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Inland Revenue

Tax Policy

PUBLISHED 5 November 1999

OECD Korean seminar on taxing financial arrangements

Shee Boon Law, Senior Policy Analyst in the Policy Advice Division and Lecturer in Accounting at Victoria University, was an instructor at a recent OECD tax training seminar for non-member countries. The seminar, on the taxation of financial instruments, was held at the OECD's multilateral tax centre in Korea, one of four such OECD centres that host regional seminars and workshops. He describes the course and the region's growing interest in the subject in the wake of the recent financial crisis in OECD Tax Training Seminar, Korea.

OECD Tax Training Seminar, Korea 11-16 October 1999

Korea-OECD Multilateral Tax Centre provides an excellent avenue for exchanges of information and approaches to dealing with different tax issues. Under the supervision of Director Kim Seok-Won, the tax centre recently hosted a tax training seminar on the taxation of innovative and derivative financial instruments.

The purpose of the course was to provide an introduction to the legal, accounting and tax issues involved in the taxation of financial instruments. The course provided background on the role of financial instruments in financial markets and how they work. Conventional debt based instruments and derivative financial instruments such as forwards, options and swaps were examined, and tax policy problems posed by the use of these instruments were analysed.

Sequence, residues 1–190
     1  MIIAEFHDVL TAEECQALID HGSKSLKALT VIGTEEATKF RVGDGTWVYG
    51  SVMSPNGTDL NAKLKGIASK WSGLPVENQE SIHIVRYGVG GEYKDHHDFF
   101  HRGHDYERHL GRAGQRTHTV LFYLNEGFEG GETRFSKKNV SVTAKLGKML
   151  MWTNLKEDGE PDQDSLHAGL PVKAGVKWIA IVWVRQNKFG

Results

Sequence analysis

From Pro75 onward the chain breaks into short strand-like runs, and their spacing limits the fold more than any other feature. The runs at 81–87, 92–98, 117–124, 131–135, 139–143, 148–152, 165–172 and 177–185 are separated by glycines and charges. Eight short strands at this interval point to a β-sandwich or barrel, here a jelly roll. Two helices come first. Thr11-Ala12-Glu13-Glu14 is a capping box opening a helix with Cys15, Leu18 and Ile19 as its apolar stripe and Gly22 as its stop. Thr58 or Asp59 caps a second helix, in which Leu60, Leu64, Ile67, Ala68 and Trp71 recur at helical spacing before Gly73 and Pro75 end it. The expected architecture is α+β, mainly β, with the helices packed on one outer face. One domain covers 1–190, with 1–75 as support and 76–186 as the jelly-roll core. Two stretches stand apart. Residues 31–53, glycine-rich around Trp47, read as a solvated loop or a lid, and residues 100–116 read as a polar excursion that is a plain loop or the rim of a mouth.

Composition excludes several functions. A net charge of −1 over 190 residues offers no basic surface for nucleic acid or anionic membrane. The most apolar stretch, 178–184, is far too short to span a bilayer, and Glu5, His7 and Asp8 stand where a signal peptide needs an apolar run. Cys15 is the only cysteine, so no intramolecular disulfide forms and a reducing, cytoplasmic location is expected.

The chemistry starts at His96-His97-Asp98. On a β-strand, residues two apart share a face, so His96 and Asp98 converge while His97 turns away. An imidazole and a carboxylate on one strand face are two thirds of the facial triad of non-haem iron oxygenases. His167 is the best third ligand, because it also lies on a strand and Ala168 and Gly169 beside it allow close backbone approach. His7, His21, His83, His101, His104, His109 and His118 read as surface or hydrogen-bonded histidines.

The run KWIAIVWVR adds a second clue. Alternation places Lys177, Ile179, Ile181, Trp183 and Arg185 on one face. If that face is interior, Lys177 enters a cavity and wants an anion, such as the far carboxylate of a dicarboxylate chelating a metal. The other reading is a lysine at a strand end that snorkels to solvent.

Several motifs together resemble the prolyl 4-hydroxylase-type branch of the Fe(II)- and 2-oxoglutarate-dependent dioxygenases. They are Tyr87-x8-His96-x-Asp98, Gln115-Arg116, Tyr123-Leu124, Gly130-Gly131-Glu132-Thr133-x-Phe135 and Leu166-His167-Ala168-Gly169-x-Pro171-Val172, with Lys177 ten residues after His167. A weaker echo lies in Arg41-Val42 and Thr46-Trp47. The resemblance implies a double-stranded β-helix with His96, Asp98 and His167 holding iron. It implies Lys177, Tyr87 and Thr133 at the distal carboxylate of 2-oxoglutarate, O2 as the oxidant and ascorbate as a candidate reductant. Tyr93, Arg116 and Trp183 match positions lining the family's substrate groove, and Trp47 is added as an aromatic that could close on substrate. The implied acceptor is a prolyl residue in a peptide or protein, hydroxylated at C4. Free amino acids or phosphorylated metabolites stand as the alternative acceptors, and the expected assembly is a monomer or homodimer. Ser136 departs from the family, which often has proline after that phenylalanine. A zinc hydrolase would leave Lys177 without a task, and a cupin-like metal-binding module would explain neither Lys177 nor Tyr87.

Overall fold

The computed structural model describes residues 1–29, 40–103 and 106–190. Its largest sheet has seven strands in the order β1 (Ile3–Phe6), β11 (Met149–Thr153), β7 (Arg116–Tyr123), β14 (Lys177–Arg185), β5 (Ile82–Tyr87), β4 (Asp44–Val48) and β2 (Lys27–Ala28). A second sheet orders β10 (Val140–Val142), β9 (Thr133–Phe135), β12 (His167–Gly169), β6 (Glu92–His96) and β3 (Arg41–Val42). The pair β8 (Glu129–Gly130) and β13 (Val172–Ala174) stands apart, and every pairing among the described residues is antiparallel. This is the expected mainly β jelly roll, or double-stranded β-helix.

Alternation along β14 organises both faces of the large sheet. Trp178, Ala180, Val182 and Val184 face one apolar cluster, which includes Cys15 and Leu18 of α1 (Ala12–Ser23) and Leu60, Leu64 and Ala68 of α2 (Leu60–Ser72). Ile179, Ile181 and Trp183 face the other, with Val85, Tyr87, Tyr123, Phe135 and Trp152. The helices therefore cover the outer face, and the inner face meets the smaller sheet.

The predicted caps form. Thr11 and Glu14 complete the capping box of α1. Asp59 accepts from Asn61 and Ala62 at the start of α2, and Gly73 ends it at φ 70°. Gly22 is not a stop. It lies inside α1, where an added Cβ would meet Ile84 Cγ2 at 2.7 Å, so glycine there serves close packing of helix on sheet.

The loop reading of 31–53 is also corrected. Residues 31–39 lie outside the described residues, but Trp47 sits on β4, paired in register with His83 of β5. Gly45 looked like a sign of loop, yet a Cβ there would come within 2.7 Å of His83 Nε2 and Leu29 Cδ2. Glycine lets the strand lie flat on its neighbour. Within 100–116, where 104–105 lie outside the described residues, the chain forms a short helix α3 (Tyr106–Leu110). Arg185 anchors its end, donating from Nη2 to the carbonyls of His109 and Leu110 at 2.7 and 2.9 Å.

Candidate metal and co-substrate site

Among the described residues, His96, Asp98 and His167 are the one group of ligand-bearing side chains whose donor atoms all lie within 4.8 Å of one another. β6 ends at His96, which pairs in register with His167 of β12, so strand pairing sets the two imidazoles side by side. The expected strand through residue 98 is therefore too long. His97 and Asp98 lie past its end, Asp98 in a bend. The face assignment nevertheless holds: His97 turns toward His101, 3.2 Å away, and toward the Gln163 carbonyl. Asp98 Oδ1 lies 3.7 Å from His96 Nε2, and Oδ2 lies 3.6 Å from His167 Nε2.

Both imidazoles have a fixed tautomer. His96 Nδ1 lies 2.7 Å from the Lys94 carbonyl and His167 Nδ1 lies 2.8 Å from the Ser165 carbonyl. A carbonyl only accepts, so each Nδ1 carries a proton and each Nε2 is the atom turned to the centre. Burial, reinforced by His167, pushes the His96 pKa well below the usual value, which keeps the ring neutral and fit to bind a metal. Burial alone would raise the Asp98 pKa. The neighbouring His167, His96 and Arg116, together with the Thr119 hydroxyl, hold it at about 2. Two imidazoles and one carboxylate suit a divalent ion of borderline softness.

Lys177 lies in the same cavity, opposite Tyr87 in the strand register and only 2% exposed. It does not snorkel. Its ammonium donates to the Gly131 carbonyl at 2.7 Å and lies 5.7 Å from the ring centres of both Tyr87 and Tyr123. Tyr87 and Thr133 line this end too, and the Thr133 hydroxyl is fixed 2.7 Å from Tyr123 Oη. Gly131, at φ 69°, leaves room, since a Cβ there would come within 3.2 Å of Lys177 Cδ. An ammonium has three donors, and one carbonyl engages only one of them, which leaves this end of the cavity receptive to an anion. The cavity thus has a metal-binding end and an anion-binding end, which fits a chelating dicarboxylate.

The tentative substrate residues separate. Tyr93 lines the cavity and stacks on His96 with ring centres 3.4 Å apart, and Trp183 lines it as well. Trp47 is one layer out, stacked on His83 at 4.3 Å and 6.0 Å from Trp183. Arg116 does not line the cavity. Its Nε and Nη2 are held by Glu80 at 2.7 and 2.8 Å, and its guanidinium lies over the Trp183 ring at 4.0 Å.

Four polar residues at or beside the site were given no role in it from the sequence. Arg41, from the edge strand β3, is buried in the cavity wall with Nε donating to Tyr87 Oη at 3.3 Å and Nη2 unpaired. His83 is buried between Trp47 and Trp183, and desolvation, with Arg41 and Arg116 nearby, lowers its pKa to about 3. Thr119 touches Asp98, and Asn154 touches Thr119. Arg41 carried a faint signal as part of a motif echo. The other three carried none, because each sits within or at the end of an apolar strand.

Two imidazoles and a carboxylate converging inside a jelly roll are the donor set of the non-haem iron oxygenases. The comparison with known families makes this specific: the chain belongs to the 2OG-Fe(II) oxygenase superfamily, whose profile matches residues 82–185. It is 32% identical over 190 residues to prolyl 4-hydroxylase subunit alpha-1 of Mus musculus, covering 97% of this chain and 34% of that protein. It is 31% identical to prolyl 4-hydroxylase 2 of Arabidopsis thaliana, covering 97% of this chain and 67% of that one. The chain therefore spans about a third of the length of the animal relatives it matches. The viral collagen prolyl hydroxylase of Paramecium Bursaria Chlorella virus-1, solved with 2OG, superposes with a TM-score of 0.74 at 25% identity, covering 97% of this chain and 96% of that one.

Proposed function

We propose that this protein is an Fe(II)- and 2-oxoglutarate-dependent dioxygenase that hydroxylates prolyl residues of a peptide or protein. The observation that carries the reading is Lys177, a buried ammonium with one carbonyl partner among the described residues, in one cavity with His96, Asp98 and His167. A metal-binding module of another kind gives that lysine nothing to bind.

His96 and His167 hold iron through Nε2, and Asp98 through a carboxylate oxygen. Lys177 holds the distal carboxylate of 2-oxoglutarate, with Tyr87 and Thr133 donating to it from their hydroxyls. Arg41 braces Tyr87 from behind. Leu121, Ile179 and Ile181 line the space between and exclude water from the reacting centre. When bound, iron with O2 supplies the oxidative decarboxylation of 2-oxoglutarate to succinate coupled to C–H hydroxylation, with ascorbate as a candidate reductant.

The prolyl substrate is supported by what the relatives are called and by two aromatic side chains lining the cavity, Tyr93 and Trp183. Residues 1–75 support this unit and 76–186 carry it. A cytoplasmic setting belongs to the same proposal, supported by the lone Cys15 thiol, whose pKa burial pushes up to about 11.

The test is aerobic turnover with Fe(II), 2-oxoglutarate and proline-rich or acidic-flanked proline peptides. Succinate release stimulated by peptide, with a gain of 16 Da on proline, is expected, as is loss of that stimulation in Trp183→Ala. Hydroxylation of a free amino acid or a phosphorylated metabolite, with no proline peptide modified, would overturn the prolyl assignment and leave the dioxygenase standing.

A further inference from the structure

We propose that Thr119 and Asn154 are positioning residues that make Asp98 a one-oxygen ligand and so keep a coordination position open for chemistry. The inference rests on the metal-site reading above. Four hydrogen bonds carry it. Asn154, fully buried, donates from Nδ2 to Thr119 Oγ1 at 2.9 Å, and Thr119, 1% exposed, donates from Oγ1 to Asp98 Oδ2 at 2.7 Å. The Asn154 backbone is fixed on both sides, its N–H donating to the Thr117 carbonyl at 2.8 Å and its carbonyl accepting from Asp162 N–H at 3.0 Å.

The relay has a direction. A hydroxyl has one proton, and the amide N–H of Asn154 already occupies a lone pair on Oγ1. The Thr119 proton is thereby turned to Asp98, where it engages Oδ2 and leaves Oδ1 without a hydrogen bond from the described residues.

The OECD and three member countries (Turkey, US and New Zealand) provided instructors for this training course. The various tax policy options available to deal with innovative financial instruments and approaches adopted by OECD member countries were reviewed by the instructors. The basic messages from the collective experience of the OECD member countries were that conventional tax rules tend to create characterisation and timing problems when applied to innovative financial instruments. In addition, owing to the globalisation of financial service activities, imposition of transaction taxes on derivative financial instruments for revenue reasons may be futile.

Twenty-one participants from OECD non-member countries including Bangladesh, China, Chinese Taipei, Hong Kong, Indonesia, Philippines, Thailand and Vietnam engaged in active discussion of the problems posed by innovative financial instruments. As a result of the recent financial crisis, many are reviewing their tax rules for financial institutions and services. The fundamental policy problem that many countries face is in achieving the right balance between the revenue needs of a developing country and a sensible, effective taxation regime for financial institutions and services.

The other emerging policy issue in the wake of the recent financial crisis is the role that taxation should play in encouraging equity financing as oppose to debt financing. Where debt-like instruments are characterised as equity instruments and given preferential treatment for taxation purposes, there is an inherent bias in favour of debt financing. A proper re-characterisation of these debt-like instruments for taxation purposes should thus correct the bias against equity financing and restore neutrality. Some countries are now looking to develop special rules to deal with both innovative and derivative financial instruments.